PACIFIC NORTHWEST GROWN. Wild Lettuce (Lactuca virosa), Cut and Sifted, Wild Harvested
Common names: Bitter Lettuce, Great Lettuce, Opium Lettuce, Giftsallat, Rakutu Karyumu So
Wild Lettuce is a biennial relative of cultivated lettuce, native to central and southern Europe, and naturalized in North America, Australia, and parts of the Indian subcontinent. It is tall, sometimes reaching heights of up to 6 feet, and grows on banks and in waste places.
When cut or torn, the plant secretes a milky juice known as lactucarium, which contains lactucin and lactupicrin, sesquiterpene lactones that provide the sedative and analgesic properties Wild Lettuce is known for. Recent tests showed that these compounds possess pain relieving effects comparable to ibuprofen.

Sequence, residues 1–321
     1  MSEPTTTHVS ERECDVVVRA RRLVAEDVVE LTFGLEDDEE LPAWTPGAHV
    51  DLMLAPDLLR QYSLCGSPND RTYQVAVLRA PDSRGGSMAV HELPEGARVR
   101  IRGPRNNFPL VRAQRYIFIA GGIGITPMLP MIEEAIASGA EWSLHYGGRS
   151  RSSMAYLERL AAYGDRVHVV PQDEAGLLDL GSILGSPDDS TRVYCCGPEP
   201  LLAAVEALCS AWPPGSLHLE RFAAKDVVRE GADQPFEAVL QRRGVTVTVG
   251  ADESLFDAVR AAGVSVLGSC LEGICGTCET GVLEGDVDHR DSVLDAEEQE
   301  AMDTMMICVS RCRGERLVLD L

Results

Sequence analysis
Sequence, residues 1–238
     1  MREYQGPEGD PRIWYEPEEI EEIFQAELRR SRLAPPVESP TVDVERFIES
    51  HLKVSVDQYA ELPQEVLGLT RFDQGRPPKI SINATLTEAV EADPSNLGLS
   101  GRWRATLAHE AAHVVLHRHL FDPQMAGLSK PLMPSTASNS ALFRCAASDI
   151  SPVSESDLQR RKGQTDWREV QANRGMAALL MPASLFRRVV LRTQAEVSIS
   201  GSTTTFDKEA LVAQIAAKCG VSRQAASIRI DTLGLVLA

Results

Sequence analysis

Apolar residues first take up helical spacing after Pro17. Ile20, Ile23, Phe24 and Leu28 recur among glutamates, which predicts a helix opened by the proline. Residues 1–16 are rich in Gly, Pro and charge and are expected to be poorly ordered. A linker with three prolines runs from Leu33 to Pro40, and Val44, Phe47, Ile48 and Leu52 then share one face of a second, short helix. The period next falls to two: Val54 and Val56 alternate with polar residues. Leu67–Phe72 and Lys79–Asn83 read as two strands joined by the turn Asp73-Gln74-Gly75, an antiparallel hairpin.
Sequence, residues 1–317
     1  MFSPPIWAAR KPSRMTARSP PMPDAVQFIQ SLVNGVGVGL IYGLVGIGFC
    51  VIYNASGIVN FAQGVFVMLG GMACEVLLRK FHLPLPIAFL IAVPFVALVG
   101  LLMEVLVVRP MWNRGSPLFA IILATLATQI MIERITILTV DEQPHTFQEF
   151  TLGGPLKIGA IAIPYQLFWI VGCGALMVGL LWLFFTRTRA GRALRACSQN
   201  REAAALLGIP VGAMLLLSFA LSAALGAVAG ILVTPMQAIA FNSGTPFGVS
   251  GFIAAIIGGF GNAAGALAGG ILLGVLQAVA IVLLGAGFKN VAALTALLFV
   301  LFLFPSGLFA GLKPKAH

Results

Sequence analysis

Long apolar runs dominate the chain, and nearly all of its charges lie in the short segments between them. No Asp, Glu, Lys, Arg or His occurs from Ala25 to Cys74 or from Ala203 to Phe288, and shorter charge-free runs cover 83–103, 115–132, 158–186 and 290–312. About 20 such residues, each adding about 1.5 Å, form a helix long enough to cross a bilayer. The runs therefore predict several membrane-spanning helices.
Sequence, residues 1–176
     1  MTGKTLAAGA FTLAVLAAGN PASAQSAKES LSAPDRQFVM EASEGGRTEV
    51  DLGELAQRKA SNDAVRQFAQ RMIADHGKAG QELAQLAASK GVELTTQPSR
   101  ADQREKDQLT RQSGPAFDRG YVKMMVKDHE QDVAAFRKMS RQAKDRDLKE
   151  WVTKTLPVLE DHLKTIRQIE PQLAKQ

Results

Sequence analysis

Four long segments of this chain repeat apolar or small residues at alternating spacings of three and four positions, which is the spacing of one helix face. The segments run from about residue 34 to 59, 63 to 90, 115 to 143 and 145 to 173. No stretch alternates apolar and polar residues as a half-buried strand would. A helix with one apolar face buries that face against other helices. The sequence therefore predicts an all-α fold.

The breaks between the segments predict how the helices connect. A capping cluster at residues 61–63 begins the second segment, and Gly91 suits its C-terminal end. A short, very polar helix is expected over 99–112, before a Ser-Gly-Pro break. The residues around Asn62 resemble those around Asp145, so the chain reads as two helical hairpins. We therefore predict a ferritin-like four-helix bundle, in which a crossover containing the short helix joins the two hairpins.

Lactucarium was used by nineteenth century physicians as a substitute for Opium, in times when Opium was scarce; to relieve uterine and intestinal cramps; as a diuretic and laxative; and to alleviate the spasmodic cough in pertussis.
Moderate doses of Wild Lettuce appear to be safe and effective, and its active ingredients do not interact with opiate receptors. However, trace amounts of hyoscyamine may also be present in the plant, and attempted recreational use of concentrated Lactuca extracts has led to unfortunate outcomes.
*These statements have not been evaluated by the FDA. These products are not intended to diagnose, treat, cure or prevent any disease.